Should You Feed Your Portfolio With This Food Maker?

| About: General Mills, (GIS)

The long term investor is always looking for sustainable stocks that have business models that change very little. We look for a company that sells a product that people have bought in the past, that people buy today and that people will continue to buy in the future. General Mills (NYSE:GIS) is a food company that makes some of the most well known breakfast cereals on the market. General Mills also makes other foods under brands such as Pillsbury, Green Giant and Betty Crocker.

  • This past quarter General Mills reported $22,793,400,000 in assets and $14,792,500,000 in liabilities. General Mills is sitting on only $751,200,000 in cash.
  • General Mills has paid an uninterrupted dividend for 114 years. The dividend stands at $1.52 at a 3.00% yield. The current payout ratio is 47%.
  • Earnings are $2.73 for the past twelve months. General Mills has a P/E of 17.94. The Graham Number is 25.86. Earnings for the past seven years are.










25 P/E











General Mills has a solid share buyback program in effect. Unfortunately, after the purchase of Pillsbury in 2001 the outstanding shares jumped from around 590 Million to 730 Million shares.

GIS Shares Outstanding Chart

GIS Shares Outstanding data by YCharts

Twelve years later the shares sit at 645 Million. Over a twenty year period General Mills has only retired 1% of it's shares. This is an example of a share repurchase program not working properly. General Mills plans to continue repurchasing shares in the future.

"Chief Financial Officer Don Mulligan said that General Mills will also return more cash to shareholders in 2014 through both increased share repurchases and dividend growth. The company expects buybacks will reduce the average number of shares outstanding by 2 percent in fiscal 2014."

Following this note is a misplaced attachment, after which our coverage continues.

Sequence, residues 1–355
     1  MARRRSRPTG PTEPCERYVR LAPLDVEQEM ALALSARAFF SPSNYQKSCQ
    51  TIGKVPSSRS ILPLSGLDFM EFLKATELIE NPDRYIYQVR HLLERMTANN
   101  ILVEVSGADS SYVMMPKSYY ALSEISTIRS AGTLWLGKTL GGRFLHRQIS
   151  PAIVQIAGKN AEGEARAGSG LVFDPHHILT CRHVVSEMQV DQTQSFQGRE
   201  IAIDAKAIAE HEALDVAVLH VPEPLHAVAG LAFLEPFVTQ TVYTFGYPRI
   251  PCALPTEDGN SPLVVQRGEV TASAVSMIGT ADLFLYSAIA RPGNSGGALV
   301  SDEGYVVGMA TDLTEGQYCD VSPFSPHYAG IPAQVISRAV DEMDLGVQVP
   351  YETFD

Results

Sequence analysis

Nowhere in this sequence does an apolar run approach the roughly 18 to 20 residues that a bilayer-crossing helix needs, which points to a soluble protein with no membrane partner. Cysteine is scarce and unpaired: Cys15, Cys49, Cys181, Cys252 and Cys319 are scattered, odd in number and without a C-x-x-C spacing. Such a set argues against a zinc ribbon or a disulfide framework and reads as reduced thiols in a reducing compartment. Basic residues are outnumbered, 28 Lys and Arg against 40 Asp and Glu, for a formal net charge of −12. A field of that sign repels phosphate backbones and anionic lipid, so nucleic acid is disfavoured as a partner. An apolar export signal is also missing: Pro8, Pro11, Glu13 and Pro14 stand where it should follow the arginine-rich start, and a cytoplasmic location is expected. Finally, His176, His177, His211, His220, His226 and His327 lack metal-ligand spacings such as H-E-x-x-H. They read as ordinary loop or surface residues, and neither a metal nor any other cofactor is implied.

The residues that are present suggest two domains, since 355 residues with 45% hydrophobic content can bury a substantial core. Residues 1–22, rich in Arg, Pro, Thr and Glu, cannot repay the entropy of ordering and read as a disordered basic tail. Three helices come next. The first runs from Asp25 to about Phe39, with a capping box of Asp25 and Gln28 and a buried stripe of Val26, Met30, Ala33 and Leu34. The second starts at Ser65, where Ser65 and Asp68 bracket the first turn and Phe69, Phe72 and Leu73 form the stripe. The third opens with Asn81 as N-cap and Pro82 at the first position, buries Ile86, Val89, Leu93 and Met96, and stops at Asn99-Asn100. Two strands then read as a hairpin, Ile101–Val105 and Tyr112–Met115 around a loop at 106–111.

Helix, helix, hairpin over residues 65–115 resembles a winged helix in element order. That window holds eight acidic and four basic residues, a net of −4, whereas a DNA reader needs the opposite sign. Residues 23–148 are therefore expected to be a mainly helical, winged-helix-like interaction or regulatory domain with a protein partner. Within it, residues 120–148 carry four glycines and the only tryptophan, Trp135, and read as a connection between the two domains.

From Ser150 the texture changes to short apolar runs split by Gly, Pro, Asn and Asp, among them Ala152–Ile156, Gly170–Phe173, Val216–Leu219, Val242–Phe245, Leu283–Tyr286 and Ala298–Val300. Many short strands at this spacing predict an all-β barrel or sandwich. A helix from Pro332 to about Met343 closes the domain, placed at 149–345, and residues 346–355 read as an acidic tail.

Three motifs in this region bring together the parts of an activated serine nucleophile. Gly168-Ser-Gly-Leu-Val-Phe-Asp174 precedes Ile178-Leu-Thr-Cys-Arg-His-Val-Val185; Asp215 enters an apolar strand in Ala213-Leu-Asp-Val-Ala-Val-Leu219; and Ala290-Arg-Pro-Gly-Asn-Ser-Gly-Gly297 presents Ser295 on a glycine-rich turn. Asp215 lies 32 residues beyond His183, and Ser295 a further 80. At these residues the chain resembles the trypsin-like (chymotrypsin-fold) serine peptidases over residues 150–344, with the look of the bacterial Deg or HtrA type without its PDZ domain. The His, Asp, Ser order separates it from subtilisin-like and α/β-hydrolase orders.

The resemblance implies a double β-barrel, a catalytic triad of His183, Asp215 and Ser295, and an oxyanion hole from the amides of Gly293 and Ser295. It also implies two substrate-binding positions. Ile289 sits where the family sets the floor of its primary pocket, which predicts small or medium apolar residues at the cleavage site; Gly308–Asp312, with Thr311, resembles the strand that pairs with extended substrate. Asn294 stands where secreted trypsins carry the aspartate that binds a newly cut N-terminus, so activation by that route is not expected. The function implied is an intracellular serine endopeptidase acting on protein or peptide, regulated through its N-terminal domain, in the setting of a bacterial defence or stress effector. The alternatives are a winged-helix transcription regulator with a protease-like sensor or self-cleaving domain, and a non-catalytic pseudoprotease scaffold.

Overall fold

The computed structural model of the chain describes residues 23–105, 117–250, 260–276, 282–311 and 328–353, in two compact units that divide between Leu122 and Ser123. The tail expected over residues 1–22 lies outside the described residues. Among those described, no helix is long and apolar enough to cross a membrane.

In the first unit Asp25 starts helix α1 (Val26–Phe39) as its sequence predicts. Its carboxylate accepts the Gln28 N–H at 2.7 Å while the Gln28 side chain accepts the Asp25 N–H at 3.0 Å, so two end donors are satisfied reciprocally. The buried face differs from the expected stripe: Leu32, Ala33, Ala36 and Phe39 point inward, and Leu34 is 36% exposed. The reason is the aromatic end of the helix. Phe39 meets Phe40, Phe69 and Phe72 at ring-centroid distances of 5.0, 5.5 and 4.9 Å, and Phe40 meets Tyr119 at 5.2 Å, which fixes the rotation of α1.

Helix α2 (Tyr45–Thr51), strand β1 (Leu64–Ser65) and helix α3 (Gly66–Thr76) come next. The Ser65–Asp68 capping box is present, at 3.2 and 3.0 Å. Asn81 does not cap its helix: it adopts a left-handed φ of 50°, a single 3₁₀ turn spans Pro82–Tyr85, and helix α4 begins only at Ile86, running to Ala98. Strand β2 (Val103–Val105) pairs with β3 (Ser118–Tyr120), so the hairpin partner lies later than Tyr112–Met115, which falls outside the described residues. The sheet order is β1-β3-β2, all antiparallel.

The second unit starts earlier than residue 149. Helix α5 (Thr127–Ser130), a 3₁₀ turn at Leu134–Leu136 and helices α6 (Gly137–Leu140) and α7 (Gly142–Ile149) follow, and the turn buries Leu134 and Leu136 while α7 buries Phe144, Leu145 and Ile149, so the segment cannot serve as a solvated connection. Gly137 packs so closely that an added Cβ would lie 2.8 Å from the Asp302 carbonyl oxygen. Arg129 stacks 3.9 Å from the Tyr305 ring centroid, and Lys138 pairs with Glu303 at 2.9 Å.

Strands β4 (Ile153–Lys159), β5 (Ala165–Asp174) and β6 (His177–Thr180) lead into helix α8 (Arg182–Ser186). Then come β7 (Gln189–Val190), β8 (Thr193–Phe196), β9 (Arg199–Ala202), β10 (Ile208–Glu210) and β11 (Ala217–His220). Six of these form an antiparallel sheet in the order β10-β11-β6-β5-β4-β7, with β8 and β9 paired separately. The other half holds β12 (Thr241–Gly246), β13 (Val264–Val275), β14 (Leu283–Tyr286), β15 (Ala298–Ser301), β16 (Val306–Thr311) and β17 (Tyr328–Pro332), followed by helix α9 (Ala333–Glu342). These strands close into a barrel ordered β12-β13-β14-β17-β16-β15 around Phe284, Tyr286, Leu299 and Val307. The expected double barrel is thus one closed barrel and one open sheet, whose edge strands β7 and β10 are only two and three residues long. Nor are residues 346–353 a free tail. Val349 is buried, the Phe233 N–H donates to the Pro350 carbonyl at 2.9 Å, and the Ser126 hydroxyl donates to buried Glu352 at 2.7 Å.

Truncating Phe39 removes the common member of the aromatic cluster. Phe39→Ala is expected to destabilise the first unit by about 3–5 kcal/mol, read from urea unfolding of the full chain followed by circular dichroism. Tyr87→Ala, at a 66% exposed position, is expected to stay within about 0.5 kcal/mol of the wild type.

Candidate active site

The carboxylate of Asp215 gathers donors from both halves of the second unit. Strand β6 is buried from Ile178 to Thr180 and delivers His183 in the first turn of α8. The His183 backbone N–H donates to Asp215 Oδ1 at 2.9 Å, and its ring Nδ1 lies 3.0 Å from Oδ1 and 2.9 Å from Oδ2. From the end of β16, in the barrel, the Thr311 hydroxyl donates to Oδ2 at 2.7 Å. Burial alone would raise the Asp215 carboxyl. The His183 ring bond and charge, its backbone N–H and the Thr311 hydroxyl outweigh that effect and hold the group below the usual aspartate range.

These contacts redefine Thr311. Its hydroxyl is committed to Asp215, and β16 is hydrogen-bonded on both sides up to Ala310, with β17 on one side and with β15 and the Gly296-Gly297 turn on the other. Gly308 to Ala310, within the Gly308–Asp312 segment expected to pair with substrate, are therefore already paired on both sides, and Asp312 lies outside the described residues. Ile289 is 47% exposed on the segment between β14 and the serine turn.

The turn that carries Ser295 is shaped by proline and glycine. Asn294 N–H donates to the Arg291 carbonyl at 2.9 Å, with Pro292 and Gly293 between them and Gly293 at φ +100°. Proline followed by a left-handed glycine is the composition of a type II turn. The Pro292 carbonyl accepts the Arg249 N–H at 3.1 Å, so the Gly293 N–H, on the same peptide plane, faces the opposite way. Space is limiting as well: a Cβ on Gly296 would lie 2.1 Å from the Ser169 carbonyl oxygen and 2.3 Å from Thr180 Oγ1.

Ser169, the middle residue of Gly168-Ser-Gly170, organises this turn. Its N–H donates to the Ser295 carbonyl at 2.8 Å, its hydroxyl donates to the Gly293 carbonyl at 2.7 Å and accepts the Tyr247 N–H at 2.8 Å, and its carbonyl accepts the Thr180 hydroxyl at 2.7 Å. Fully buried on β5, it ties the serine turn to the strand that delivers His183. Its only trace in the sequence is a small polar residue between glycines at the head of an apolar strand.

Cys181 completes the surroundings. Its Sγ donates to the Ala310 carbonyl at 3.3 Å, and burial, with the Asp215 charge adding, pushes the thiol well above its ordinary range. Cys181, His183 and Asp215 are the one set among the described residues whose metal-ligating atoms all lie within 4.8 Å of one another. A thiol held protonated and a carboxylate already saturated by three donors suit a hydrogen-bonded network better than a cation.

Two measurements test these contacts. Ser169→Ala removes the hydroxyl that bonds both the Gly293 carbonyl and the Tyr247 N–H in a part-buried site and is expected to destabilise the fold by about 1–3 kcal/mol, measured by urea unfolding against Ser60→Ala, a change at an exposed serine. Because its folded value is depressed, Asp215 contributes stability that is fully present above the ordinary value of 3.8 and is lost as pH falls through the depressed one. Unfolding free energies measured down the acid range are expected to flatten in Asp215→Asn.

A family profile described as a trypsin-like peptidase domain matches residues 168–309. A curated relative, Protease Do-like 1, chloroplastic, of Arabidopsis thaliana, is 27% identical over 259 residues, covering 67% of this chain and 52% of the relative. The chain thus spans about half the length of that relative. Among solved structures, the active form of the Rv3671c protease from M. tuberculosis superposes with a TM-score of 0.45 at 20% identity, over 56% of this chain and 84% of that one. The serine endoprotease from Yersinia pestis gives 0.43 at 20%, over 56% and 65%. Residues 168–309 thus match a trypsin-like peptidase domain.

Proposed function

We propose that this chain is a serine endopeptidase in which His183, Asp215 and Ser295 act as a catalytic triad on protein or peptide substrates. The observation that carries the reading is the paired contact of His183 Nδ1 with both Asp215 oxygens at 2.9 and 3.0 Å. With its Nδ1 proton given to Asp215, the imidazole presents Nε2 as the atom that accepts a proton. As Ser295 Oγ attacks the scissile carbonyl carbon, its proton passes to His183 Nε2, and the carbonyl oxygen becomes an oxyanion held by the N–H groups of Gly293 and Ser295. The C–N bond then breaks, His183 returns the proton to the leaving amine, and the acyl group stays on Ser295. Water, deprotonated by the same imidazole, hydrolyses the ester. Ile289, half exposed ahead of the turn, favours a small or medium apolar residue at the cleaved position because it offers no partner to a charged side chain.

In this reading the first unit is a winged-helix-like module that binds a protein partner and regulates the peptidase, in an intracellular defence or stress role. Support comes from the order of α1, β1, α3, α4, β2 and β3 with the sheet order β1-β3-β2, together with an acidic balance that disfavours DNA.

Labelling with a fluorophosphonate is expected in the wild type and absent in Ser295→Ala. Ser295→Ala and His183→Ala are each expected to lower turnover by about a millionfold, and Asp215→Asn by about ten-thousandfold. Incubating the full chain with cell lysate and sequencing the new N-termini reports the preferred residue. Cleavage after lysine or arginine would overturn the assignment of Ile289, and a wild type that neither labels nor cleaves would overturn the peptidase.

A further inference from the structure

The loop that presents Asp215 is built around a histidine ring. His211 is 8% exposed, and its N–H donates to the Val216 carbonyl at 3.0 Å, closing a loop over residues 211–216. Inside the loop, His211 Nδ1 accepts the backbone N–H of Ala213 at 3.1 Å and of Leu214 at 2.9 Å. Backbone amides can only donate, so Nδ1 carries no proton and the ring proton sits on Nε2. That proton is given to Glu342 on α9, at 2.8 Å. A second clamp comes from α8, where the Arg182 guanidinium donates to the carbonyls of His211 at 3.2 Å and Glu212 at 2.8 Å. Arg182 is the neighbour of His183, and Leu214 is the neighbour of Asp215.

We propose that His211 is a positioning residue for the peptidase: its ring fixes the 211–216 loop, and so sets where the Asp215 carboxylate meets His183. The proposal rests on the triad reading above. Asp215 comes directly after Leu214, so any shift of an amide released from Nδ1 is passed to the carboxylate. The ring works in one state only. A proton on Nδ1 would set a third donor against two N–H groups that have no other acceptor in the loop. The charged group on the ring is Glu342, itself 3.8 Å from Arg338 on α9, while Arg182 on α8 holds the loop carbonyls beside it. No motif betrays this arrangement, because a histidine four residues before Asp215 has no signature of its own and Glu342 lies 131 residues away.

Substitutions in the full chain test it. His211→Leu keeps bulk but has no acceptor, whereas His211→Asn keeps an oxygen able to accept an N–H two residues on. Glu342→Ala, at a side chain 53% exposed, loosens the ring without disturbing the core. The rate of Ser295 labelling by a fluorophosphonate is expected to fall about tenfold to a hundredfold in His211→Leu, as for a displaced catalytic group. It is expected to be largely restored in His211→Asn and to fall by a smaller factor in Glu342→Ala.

General Mills is a stable company; there is no doubt about that. Right now the price seems to be tethered to the dividend yield and trades within a range based on the dividend. At this point there is not much growth in the company. There is nothing wrong with a lack of growth especially if the company returns value to shareholders.

I look at a company like this: I want to own the company, not just be a shareholder. I am looking at the company from a long term perspective. Will I be able to leave my ownership to my children? If the company is not growing but a stable company I want to see something returned to me. Due to the low cash reserve compared to liabilities I am concerned if General Mills will be able to do so. Dividends are great but if my business partner is willing to sell their stake in the company. I want to be able to use that cash flow and buy those shares so I want more of the company.

Let's say I have four brothers that I am in business with. We have a company that cannot grow simply because of the way the business environment is for said business. I own 20% of the company as do my brothers. One brother wants out to explore his dream of becoming a crash test dummy; mom dropped him a couple times when he was young. The rest of us have enough cash flow so we buy out our brother. Now we each own 25% of the company. Because our company can't grow any larger I wanted more value from it. I was able to buy out a business partner. Now I am entitled to 25% of the profit, not just 20%.

I see General Mills in the same position. I'd want to see some of the liabilities reduced. This should free up cash flow. I do not see enough of a return to increase my stake fast enough, even over the long term.

Disclosure: I am long IBM, KO, MPC, WMT. I wrote this article myself, and it expresses my own opinions. I am not receiving compensation for it (other than from Seeking Alpha). I have no business relationship with any company whose stock is mentioned in this article.

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Tagged: , , , Processed & Packaged Goods
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